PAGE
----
(I must have deleted the bit of code that did it, and now I can't find it)

so far the combined code redirects
http to https
non-www to www
and seems to add on a trailing slash to directories without one (although if I'm perfectly honest I can't work out how!)
so I just need it to redirect example/index.php to example/ and then I can retire a happy man

RewriteEngine on
RewriteCond %{HTTP_HOST} !^(www\.example\.com)?$ [OR]
RewriteCond %{HTTPS} off
RewriteRule ^(.*)$ https://www.example.com/$1 [L,R=301]
6:52 pm on Aug 21, 2017 (gmt 0)

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try this:

RewriteEngine on

RewriteRule ^index\.php$ https://www.example.com/ [R=301,L]

RewriteCond %{HTTP_HOST} !^(www\.example\.com)?$ [OR]
RewriteCond %{HTTPS} off
RewriteRule ^(.*)$ https://www.example.com/$1 [L,R=301]


seems to add on a trailing slash to directories without one (although if I'm perfectly honest I can't work out how!)

https://httpd.apache.org/docs/current/mod/mod_dir.html#directoryslash
The DirectorySlash directive determines whether mod_dir should fixup URLs pointing to a directory or not.

Typically if a user requests a resource without a trailing slash, which points to a directory, mod_dir redirects him to the same resource, but with trailing slash for some good reasons...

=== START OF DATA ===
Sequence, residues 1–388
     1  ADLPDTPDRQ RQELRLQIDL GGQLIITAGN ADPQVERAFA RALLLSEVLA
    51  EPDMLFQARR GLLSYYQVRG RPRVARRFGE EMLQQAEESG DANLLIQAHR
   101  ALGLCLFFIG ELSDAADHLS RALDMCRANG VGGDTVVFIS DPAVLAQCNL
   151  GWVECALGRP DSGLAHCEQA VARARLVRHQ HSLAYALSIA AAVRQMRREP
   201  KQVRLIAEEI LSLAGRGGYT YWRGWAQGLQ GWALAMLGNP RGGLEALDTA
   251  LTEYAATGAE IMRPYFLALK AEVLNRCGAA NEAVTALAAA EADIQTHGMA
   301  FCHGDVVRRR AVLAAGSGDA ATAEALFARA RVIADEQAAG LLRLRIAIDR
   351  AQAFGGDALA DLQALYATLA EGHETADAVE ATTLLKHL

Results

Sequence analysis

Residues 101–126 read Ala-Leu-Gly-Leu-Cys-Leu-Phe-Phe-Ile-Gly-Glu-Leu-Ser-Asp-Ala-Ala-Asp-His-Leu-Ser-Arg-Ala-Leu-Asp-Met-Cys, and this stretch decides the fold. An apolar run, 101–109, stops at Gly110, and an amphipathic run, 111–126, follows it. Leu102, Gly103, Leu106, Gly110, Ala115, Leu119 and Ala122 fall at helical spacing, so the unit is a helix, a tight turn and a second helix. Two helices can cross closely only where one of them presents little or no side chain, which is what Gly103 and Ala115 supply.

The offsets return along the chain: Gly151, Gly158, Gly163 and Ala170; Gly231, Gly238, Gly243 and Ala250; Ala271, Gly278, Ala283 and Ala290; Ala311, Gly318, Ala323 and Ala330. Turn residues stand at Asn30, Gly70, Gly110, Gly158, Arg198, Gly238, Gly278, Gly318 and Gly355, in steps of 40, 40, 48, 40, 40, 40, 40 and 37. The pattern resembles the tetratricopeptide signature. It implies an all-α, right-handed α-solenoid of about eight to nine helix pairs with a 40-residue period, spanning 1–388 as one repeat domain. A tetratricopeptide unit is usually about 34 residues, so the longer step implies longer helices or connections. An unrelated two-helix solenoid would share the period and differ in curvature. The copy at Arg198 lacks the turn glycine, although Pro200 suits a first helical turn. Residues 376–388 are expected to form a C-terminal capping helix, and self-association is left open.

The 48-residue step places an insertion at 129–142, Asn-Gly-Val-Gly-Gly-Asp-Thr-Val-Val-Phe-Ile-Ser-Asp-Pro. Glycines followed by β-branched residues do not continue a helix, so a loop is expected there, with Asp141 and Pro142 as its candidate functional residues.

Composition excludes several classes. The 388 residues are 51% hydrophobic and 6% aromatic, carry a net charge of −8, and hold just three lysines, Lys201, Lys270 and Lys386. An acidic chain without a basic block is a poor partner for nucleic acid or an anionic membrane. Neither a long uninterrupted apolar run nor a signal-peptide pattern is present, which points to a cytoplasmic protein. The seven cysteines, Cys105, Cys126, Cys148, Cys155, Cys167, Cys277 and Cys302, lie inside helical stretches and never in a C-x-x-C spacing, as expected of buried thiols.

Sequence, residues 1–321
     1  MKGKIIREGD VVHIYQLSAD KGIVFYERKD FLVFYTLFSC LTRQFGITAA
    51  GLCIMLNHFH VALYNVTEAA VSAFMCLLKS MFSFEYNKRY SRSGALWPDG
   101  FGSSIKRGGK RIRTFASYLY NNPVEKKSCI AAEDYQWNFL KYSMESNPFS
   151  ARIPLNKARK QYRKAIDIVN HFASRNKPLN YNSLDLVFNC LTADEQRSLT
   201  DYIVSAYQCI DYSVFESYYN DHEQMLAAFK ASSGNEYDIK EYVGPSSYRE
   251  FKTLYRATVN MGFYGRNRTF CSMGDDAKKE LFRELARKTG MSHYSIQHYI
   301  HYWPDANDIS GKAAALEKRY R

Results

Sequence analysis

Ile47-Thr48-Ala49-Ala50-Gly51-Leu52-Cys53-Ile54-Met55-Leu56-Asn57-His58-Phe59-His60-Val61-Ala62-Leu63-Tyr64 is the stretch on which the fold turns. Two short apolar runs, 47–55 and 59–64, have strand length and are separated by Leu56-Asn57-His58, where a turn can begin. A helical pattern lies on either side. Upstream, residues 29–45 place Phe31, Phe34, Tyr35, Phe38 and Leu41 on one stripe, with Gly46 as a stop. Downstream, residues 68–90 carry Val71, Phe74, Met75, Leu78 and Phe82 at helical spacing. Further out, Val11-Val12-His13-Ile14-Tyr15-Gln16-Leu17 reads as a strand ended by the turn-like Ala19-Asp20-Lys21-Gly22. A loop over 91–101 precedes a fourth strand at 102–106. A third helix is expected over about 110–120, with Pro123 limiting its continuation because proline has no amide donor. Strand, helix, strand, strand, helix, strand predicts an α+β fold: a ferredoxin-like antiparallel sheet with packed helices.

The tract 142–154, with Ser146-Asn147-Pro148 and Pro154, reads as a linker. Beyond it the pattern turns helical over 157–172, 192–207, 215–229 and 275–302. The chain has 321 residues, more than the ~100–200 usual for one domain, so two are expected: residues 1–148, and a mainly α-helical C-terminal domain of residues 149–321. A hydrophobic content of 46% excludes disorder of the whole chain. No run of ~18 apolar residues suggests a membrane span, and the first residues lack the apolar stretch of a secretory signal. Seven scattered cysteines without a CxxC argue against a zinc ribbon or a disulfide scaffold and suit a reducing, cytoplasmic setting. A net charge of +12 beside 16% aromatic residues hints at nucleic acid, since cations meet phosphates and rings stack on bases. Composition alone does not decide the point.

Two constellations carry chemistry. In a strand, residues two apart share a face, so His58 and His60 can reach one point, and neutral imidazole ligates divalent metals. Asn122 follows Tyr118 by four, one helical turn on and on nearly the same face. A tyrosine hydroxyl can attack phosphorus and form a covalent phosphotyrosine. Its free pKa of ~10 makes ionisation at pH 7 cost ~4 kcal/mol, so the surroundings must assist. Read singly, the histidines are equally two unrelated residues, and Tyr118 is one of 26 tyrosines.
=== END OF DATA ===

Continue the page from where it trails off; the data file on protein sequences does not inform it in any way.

7:24 pm on Aug 21, 2017 (gmt 0)

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the new .htaccess code i've started using above has stopped redirecting example/index.php to example/

Your original redirect, involving www and https, would never have done that anyway. At most, it would redirect
http://example.com/index.php
to
https://www.example.com/index.php
which would then require a separate rule to redirect to
https://www.example.com/

On almost all sites, your last two redirects (where "last" means the physical order of RewriteRules) are
#2 redirect all /directory/index.html (or index.php or whatever you use) to /directory/ not just for the root but for all directories
#1 fix the domain name, including both www and protocol.
Rule #2 should have an explicit target: https://www.example.com/rest-of-path --i.e. none of that {HTTP_HOST} business--so no request would ever invoke both #1 and #2.

and seems to add on a trailing slash to directories without one (although if I'm perfectly honest I can't work out how!)

That's got nothing to do with mod_rewrite, assuming you're talking about real, physical directories. That's mod_dir doing its job. Its other job is to serve up the content of
/directory/index.php
when a visitor (correctly) requests
/directory/
alone.

Have you recently moved to a new server? I'm wondering if your overall DirectoryIndex settings have changed. This would be inherited from the config file, but can be changed in htaccess.


[edited by: not2easy at 1:33 am (utc) on Aug 22, 2017]
[edit reason] requested edit [/edit]